Employability of PhD - Engineering vs Math

 Quote by JakeBrodskyPE I disagree. A PhD shows that you investigate to the edge of what is known and push a little further. It does not prepare you for the full experience of designing something for use by the public. A PhD can't be used to hold you legally liable for your work. In contrast, a PE can. A PE shows you've been involved in projects with mentors to show you how things are often done in reality. A PhD usually does not make claims of business, management, or ethics experience to handle large projects. When the budget goes in to many millions and even billions of dollars; when the scope of the project affects critical infrastructure for millions of people; when decisions include usability, public safety, ethics, timelines, marketing, financing and politically determined design criteria THEN you can talk about what a real project is. A PhD can get a PE certificate, but so can many others in pretty much the same amount of time. The moral of the story is that Engineering is the welding of academics and application. You will need a solid grounding in both to make things work. Let it be said that a PhD in Engineering has its place, particularly for projects at the very edge of the state of the art. But if anyone here thinks you can march out of a University and straight in to a high level responsible, technical position, you are deluding yourselves.
A PE is generally not all that necessary for many fields of engineering (except for civil and power distribution industries). While it is a respectable credential, it is not generally something that can enhance your career that much in most fields.
 There are lots of places which soak up new PhD's in certain fields though. Arizona State University where I'm at pretty much pumps most of the new physics Phd's into industry, mainly Intel and related smaller companies, and increasingly biophysicists are winding up in new biotech start ups. I do know of Phd's in engineering with similar outcomes. But it's the aggregate that matters, I suppose.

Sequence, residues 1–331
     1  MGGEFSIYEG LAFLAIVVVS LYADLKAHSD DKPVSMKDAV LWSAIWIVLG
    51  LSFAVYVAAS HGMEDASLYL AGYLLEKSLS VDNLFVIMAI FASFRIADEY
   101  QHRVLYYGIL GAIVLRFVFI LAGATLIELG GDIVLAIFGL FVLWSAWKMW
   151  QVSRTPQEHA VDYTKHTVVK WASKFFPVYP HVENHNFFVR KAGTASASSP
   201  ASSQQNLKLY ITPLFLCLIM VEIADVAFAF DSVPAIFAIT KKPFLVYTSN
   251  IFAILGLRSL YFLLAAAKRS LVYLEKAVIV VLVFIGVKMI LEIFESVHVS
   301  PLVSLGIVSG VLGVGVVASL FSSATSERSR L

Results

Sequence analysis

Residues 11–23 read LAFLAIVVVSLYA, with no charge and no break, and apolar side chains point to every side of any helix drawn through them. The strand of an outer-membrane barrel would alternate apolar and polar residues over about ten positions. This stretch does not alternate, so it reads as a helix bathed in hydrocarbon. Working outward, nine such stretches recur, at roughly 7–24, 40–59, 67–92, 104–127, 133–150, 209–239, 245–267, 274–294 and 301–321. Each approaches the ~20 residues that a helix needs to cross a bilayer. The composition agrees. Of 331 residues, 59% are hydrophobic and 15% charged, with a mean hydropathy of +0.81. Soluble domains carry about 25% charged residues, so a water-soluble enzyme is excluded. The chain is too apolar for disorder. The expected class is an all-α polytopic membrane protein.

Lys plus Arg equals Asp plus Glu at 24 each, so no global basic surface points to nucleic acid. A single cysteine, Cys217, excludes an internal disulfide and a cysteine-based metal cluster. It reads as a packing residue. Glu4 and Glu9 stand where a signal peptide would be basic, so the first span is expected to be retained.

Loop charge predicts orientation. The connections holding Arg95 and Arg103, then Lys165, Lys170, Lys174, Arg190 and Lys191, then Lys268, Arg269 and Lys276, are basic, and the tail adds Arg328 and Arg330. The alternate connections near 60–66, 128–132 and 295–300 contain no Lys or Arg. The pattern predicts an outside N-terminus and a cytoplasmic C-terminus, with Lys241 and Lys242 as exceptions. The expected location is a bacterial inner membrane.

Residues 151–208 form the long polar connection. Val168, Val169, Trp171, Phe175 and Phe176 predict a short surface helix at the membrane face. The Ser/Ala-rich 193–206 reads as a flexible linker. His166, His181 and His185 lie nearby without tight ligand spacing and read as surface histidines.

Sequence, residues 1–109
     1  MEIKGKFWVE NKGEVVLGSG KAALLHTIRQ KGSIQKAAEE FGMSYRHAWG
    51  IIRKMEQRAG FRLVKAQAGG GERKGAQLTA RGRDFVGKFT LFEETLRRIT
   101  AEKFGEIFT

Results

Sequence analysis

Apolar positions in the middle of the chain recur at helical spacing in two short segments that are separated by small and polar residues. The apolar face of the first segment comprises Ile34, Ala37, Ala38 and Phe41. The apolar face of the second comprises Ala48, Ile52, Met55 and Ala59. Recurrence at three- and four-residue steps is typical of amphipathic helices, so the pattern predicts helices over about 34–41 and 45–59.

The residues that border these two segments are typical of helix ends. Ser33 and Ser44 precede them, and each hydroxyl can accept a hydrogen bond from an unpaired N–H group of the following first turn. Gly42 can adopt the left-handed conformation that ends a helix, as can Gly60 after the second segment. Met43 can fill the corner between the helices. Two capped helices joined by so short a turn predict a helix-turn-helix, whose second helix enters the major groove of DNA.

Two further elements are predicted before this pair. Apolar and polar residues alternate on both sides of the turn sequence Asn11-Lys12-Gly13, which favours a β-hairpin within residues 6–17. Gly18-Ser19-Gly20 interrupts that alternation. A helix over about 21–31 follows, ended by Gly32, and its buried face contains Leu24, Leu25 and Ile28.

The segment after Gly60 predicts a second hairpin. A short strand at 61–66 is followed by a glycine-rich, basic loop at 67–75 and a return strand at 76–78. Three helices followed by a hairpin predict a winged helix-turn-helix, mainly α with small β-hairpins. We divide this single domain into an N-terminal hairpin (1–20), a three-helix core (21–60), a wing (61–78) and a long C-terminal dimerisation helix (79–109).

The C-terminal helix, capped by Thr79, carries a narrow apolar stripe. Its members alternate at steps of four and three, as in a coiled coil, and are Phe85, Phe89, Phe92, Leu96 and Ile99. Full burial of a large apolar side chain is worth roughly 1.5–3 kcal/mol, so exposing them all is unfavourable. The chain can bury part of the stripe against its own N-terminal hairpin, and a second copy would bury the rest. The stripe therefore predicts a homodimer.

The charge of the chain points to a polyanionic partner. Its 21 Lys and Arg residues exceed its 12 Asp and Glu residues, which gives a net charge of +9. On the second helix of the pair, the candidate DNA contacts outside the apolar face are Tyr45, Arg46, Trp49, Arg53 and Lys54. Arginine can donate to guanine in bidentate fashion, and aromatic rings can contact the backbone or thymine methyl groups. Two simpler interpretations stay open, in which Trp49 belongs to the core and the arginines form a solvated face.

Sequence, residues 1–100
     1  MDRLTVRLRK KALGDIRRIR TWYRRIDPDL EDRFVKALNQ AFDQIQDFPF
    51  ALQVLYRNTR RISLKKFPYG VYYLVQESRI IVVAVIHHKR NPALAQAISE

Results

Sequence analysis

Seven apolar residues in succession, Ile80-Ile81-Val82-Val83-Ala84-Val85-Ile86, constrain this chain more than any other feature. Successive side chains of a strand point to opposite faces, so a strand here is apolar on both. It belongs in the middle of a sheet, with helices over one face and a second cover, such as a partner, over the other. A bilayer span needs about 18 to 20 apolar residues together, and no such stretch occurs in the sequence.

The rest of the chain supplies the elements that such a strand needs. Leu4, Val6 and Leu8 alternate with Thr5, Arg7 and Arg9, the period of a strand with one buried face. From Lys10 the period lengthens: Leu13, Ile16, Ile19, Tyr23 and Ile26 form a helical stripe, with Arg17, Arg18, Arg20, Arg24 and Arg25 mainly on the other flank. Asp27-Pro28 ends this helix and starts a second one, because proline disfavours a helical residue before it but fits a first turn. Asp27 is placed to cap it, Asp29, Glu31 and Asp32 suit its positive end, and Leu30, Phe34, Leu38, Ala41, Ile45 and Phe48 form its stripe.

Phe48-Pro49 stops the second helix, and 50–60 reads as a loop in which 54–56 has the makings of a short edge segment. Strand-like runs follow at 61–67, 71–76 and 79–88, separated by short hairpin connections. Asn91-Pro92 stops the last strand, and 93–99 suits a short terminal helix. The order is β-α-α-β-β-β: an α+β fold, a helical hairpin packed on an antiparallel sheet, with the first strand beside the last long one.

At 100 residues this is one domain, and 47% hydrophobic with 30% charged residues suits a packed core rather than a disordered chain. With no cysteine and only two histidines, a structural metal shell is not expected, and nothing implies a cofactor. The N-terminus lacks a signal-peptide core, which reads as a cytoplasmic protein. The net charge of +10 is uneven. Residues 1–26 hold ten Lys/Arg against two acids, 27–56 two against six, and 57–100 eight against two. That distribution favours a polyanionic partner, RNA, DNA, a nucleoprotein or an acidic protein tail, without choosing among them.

Honestly, I don't see the point in a phd in engineering unless your interested in the material sciences. The only other one I know that is valued is pertroleum engineering, it's not because you know more, but the fact many companies will give you more \$ for having it so you increase your earning potential by 10-15%+ over a masters in some fields which when you talk about oil money is major cash. Materials sciences is the majority of research nowadays. Other things just lie into novel engineering applications of said materials or your university is contracted to make something for a company or organization. At least that's all I saw when I graduated last year. If you want to work at a national lab physics, material sciences, and EE's are largely what are employed but I don't think the EE's are design engineers and to be honest to be a credible design engineer isn't going to happen till your old (probably in your 40's minimum). Pick a field of material engineering or a section of physics you like and aim for academia or something else (you got to be top notch if you want this though ... not an easy path).

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